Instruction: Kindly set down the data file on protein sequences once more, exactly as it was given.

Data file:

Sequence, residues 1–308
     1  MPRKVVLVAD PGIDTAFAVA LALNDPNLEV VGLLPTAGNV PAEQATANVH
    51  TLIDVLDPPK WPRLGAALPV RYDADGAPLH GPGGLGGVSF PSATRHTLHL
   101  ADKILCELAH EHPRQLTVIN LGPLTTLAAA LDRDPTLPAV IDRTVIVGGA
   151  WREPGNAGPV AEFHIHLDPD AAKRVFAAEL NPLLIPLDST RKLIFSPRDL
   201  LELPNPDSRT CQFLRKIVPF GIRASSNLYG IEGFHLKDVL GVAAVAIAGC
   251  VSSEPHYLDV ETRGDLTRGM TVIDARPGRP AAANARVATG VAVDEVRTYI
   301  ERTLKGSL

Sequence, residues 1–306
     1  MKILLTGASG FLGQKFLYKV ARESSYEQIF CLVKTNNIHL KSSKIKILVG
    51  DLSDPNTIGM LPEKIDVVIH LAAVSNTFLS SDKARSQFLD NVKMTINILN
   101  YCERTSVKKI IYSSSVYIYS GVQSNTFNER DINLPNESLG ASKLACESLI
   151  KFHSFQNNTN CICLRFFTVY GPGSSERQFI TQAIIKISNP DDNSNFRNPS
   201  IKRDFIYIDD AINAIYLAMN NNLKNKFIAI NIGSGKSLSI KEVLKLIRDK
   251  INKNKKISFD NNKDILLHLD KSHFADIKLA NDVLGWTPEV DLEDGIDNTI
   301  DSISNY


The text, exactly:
Sequence, residues 1–308
     1  MPRKVVLVAD PGIDTAFAVA LALNDPNLEV VGLLPTAGNV PAEQATANVH
    51  TLIDVLDPPK WPRLGAALPV RYDADGAPLH GPGGLGGVSF PSATRHTLHL
   101  ADKILCELAH EHPRQLTVIN LGPLTTLAAA LDRDPTLPAV IDRTVIVGGA
   151  WREPGNAGPV AEFHIHLDPD AAKRVFAAEL NPLLIPLDST RKLIFSPRDL
   201  LELPNPDSRT CQFLRKIVPF GIRASSNLYG IEGFHLKDVL GVAAVAIAGC
   251  VSSEPHYLDV ETRGDLTRGM TVIDARPGRP AAANARVATG VAVDEVRTYI
   301  ERTLKGSL

Sequence, residues 1–306
     1  MKILLTGASG FLGQKFLYKV ARESSYEQIF CLVKTNNIHL KSSKIKILVG
    51  DLSDPNTIGM LPEKIDVVIH LAAVSNTFLS SDKARSQFLD NVKMTINILN
   101  YCERTSVKKI IYSSSVYIYS GVQSNTFNER DINLPNESLG ASKLACESLI
   151  KFHSFQNNTN CICLRFFTVY GPGSSERQFI TQAIIKISNP DDNSNFRNPS
   201  IKRDFIYIDD AINAIYLAMN NNLKNKFIAI NIGSGKSLSI KEVLKLIRDK
   251  INKNKKISFD NNKDILLHLD KSHFADIKLA NDVLGWTPEV DLEDGIDNTI
   301  DSISNY